The Covid-19 pandemic has concentrated our minds on the question of leadership, across the globe. Donald Trump. Boris Johnson. John Pombe Magufuli. These men are flashpoints for discussion around a leader’s response to a clear and present danger.
South Africa has its own issues here, of course. Our leaders have taken strong action in response to the havoc wrought by the novel coronavirus, and the citizenry has been loud and contradictory in its response. We are an unruly lot, after all.
But none of the leadership challenges confronting the world are new. There have been plagues before, and there will be plagues again. The bigger questions remain: What is good leadership, actually? What is bad leadership? And what of followers?
In a long working life, I have often been a follower, and I have sometimes been a mid-level leader. I have also been someone who worked for myself.
Living through all of that, it’s my observation now that the quality of leaders who people choose is based on the extent to which those people are themselves prepared to shoulder responsibility for the hard work that goes into making those choices.
An example: A long time ago, people in a separate division of a company where I worked had seen the back of a hated boss. In the leadership gap that resulted, one of my own bosses was temporarily transferred to the other division, where he wrought miracles. Well, actually, he just had a meeting and asked what they wanted. A coffee machine, they said (among other things), and a coffee machine they got. They all signed a letter asking that his position be made permanent, which it was. A year later they were moaning about how they hated him, how shallow and fickle and treacherous he was. (I and other colleagues could have told them that, had they done the most basic of research and asked us).
I think of this a lot as I follow South African politics, observing how short-term thinking gets us all in a mess, all of the time. Remember how the end of Thabo Mbeki’s reign as president was celebrated? People reviled him for his Aids policy and his stand-offishness. So we got Jacob Zuma instead. Good move, not so? And when he was finally removed as president, we got Cyril Ramaphosa. How’s that working for us, fellow South Africans?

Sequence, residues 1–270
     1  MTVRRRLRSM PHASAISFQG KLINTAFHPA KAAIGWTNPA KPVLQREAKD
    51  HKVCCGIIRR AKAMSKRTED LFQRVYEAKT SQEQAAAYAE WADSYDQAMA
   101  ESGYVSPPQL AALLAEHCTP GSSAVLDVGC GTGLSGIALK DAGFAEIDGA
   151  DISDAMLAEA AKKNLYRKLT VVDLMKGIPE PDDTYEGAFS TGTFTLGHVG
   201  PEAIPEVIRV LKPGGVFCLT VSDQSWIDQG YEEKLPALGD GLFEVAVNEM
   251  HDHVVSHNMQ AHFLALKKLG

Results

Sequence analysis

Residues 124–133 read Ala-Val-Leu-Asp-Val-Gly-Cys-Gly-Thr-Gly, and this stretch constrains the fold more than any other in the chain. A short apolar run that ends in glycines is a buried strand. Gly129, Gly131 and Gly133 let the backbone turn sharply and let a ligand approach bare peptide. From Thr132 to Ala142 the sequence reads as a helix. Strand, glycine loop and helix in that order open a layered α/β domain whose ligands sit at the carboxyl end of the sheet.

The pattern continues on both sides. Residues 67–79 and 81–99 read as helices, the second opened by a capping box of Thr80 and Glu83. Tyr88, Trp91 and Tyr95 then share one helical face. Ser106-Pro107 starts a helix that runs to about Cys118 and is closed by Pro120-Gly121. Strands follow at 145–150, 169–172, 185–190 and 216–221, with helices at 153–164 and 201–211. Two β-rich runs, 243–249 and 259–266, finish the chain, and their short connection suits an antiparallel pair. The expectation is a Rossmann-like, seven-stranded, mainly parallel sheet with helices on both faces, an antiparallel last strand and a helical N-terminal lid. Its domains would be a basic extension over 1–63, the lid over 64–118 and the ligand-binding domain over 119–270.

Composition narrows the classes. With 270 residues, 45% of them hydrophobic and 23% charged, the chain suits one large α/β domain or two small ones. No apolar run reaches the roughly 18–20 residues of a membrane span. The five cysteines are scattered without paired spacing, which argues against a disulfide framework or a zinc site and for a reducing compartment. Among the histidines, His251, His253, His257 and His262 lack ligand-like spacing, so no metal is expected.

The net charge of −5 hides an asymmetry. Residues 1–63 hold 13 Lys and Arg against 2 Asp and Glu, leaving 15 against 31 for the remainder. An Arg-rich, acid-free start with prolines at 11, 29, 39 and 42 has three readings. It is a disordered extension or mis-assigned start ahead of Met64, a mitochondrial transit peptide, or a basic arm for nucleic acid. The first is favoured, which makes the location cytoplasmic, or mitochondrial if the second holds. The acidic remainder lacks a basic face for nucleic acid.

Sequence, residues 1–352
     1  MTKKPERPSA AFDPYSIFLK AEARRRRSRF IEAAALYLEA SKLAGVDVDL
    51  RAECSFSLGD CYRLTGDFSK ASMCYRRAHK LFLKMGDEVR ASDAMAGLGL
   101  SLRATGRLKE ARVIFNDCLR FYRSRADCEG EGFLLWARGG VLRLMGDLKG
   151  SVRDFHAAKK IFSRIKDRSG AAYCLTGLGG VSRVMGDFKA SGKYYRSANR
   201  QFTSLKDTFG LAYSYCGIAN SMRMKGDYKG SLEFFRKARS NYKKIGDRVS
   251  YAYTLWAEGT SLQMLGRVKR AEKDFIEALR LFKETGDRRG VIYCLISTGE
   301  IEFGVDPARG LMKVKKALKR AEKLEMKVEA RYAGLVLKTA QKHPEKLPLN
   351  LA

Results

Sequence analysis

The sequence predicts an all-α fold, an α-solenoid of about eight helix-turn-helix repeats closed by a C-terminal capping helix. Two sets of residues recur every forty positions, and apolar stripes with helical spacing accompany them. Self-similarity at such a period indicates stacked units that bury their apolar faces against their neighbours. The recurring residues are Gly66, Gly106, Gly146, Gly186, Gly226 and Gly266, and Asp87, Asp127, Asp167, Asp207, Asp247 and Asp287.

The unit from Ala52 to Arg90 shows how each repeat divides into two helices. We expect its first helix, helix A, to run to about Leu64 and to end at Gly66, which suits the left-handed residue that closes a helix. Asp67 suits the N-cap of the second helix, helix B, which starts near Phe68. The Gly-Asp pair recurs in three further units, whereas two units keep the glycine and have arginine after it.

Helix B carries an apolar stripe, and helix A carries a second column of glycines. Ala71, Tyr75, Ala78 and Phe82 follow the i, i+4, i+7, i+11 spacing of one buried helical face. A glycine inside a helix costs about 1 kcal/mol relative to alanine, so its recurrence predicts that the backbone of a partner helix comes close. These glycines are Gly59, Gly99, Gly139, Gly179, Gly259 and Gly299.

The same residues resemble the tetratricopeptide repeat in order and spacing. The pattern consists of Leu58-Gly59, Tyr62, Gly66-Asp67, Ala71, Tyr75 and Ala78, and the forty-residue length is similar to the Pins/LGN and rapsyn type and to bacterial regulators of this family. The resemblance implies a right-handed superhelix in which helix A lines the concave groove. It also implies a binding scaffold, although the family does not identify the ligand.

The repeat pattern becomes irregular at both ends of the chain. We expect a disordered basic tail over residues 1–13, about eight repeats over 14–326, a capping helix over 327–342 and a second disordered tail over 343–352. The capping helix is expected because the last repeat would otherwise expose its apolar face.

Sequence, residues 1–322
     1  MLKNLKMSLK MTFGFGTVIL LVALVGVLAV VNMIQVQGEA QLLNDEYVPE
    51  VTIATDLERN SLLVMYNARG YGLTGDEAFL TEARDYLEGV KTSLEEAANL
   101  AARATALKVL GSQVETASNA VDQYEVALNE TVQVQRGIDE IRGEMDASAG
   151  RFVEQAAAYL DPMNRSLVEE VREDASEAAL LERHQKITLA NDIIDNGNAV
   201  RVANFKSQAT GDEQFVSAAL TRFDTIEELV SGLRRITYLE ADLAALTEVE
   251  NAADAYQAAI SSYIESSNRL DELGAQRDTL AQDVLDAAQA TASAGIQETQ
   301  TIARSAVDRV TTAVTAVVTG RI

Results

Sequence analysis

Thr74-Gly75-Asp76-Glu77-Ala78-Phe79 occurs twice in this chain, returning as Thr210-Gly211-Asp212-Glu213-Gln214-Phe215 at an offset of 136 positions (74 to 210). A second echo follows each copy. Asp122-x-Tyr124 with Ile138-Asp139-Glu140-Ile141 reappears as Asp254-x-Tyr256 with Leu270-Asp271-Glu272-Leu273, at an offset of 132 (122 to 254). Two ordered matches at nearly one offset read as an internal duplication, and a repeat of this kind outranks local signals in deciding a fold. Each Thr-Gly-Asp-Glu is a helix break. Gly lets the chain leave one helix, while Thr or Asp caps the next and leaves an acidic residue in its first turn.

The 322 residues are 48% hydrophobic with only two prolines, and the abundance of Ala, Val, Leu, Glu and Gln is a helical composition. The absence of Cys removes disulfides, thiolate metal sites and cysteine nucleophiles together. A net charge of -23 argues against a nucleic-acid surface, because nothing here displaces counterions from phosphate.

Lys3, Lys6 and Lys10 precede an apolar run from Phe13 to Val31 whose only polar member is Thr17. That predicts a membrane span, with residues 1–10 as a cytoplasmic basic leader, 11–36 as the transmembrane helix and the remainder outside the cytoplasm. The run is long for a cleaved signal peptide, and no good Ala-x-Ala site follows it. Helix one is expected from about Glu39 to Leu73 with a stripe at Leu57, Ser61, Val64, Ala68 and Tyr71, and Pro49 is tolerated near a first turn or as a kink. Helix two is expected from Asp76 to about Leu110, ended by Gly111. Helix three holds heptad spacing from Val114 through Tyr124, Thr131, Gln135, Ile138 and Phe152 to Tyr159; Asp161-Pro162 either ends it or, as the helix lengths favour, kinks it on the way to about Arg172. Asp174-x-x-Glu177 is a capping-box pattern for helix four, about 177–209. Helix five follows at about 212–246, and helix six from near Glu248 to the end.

How did we get here?
Paying attention over long periods of time to the detail of how a political party or an organisation works is hard and complicated work, which most people just don’t have the time or the inclination to do. And so, again and again, we fall for charm over hard work, and for style over substance.
In short, we take the coffee machine, and don’t ask the hard questions, or do the research.
Even for those who do all this work, in the end the way in which democracy works is that people will get the leaders for whom the majority have voted. The rules are that the losers take that on the chin, and try to change things the next time an election comes around.
I believe in democracy, and I believe in the rules. But in our day-to-day lives we often have the sense that what we do as individuals doesn’t make a difference. The leaders do what the leaders do, and the rest of us figure there’s not a lot we can do about any of it. It’s taken me decades to get here, but I think there’s a third way, beyond following and leading and the sense of impotence we all have.
Many years ago, I read an article in Time magazine about the Dalai Lama. Something he said leaped out at me so much that I copied it down. And I have tried to live my life according to these words:
“Sometimes I wonder whether my efforts really have any effect; I sometimes feel that unless there is a bigger movement, the bigger issues will not change. But how to start this bigger movement? Originally, it must come from individual initiative. So, for example, whenever I leave a hotel room, I always try to switch off the light. In a way, it’s silly. But if another ten persons follow my example, then 100 persons, there is an effect. From that point of view, I believe that constant effort, tireless effort, pursuing clear goals with sincere effort is the only way. It’s the only way! The bigger nations and more powerful leaders are not taking care. And God is also somewhere asleep, I think.”
For me, this means forgetting any idea that a leader will fix things for me. And if I am somehow involved in choosing a leader, I must apply constant, tireless effort to that process. I am obligated to apply long-term thinking.
In fact, I try to apply long-term thinking to everything that I do.
And I always try to figure out what my part in things is, before blaming other people.
I fail, all the time,of course. But I think if more people tried to live like this, our leadership problems would take care of themselves.
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Main picture: Jeyhun Sung, Unsplash